That’s the question posed by a student note coming out from the Hastings College of Law in July. And the answer, according to author Joshus Stadler, is “No.”
Stadler’s primary argument is that the class action has its roots in equity, and was conferred its current status by the Rules Enabling Act, which does not enlarge or constrict any substantive rights. Since the Seventh Amendment only allows for jury trials for causes of action that existed in common law at the time of its adoption (generally, 1791), and the class action was given its modern status as a procedural device under the Rules Enabling Act, Stadler argues that there is no Seventh Amendment guarantee for a jury trial in a class action.
Stadler’s argument has to overcome a few obstacles. (Most notably, the Seventh Amendment applies to “Suits at common law,” which implies substantive causes of action instead of procedural devices. One can file a class action asserting a common-law cause of action like breach of contract, but there is not – nor has there ever been – a suit for “class action” as a cause of action.) But if it is correct, it would have significant strategic ramifications for class-action defense lawyers. In many cases, class-action defendants have expressed valid concerns about placing a lawsuit with bet-the-company stakes into the hands of a single, twelve-person jury. In others, however, defendants have successfully defeated class certification by pointing out either the Seventh Amendment concerns implicated by a plaintiff’s proposed trial plan, or the difficulties that would arise from instructing a jury in the laws of the various states implicated by proposed class action.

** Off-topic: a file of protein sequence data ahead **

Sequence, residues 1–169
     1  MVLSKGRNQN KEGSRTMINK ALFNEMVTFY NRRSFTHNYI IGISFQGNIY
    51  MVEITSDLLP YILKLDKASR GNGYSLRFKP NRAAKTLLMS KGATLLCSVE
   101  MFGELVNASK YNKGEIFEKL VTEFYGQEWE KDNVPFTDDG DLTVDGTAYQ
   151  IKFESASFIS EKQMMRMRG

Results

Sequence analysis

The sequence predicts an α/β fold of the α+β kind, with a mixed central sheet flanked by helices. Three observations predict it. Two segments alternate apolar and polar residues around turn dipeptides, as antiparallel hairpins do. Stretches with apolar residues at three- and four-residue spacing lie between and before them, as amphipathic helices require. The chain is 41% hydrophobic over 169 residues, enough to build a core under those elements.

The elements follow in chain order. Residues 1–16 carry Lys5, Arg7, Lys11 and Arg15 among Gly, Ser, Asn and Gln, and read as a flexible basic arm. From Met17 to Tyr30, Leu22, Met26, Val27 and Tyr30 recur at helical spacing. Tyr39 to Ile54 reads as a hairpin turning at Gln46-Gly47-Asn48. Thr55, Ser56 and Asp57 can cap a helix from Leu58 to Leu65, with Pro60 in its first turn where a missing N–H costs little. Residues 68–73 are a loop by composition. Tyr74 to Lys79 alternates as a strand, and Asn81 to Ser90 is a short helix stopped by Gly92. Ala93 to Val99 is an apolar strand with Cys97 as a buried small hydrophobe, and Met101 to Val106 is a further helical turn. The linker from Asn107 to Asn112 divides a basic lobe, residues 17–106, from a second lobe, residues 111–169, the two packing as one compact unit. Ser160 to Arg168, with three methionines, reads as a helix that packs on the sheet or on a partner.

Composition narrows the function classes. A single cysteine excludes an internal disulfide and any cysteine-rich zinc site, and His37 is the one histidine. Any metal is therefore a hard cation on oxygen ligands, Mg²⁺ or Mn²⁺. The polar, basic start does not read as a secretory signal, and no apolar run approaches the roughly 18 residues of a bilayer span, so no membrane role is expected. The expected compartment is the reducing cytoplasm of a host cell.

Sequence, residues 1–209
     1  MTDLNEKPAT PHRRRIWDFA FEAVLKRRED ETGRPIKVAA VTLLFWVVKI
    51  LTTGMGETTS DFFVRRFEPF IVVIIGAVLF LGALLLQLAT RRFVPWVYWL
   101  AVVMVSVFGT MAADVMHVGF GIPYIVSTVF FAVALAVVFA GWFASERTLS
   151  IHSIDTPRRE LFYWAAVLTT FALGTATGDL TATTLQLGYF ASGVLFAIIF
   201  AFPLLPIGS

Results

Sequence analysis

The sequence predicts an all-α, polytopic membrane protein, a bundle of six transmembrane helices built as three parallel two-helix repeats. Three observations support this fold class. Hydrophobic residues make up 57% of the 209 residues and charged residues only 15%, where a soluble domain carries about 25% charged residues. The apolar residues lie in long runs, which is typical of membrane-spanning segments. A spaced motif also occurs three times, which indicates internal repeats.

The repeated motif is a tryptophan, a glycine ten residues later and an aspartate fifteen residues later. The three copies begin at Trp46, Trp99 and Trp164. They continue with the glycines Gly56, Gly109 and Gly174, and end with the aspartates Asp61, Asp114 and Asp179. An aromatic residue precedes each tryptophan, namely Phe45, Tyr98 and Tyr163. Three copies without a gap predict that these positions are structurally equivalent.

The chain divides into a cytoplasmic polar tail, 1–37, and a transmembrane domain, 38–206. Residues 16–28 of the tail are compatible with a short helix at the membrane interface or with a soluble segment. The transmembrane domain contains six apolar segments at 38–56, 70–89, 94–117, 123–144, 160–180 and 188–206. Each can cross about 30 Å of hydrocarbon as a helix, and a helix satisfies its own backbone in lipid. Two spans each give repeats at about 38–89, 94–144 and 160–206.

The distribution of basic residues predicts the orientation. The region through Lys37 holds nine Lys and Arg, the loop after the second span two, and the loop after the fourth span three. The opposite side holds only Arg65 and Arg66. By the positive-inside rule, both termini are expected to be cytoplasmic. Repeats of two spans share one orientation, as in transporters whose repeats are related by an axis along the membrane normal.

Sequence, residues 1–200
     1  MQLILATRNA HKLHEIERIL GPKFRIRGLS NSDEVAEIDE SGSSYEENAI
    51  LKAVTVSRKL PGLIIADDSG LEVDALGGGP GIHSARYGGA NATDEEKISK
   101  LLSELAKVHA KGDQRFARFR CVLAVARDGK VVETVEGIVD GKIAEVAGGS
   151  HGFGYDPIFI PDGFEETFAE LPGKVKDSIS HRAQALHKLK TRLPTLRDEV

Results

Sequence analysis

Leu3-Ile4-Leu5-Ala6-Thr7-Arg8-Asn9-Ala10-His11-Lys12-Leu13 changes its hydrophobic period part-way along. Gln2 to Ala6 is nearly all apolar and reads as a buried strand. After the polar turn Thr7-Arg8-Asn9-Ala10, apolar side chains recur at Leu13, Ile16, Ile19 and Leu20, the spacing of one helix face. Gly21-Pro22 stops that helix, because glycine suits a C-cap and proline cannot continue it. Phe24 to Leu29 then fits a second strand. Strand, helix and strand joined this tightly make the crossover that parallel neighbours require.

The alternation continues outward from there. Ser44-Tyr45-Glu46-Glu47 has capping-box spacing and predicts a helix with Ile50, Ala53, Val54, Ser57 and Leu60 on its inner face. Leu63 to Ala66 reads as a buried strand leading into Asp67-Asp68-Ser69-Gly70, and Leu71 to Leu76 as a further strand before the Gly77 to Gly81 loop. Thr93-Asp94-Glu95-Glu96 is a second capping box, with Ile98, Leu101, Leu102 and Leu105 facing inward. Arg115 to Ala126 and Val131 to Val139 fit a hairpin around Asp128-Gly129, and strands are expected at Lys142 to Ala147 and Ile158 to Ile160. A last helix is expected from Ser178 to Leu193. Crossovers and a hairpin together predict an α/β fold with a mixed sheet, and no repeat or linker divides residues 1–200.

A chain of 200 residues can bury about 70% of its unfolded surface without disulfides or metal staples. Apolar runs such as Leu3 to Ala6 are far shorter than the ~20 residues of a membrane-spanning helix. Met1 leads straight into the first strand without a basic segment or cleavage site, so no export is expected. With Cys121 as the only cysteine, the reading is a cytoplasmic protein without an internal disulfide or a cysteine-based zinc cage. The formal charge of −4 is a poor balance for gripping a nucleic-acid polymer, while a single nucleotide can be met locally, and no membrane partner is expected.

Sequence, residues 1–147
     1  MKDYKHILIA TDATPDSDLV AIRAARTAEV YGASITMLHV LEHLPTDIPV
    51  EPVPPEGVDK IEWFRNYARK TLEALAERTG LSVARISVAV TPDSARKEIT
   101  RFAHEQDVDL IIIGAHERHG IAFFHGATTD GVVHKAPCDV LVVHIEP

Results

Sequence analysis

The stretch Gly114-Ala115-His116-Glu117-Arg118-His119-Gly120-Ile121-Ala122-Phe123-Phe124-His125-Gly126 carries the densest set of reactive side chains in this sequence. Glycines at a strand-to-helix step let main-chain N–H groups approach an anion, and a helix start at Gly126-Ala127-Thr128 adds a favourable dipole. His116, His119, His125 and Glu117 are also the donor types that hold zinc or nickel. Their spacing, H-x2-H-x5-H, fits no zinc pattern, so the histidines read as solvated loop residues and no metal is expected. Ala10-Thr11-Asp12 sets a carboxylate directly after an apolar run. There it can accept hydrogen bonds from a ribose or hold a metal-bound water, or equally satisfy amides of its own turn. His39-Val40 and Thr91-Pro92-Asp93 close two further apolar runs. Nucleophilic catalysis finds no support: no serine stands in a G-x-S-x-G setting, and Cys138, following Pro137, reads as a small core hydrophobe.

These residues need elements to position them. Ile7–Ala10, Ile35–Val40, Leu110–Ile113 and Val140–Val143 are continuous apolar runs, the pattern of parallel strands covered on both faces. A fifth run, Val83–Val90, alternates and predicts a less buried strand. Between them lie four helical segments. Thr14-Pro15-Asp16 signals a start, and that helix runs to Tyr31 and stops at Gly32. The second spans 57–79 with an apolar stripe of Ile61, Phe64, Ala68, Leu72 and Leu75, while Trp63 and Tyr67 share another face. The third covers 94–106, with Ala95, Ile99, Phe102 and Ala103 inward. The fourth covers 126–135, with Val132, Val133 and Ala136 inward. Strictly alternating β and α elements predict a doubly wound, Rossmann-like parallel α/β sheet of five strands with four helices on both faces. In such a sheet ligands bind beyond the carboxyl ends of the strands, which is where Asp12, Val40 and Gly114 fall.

Stadler’s argument is worth a read for another reason. It’s the second time in the last year that someone has attacked the legitimacy of the class action device by looking at its roots in the Rules Enabling Act. (The first was Martin Redish’s discussion of whether the class action is constitutional in general.) Stadler may have been influenced by Redish (though his one cite to the professor is not to his class-action work). Regardless, it’s worth noting this trendlet in the legal academy: there may be an emerging generation of students who wind up questioning the legitimacy of the class action on constitutional rather than policy grounds.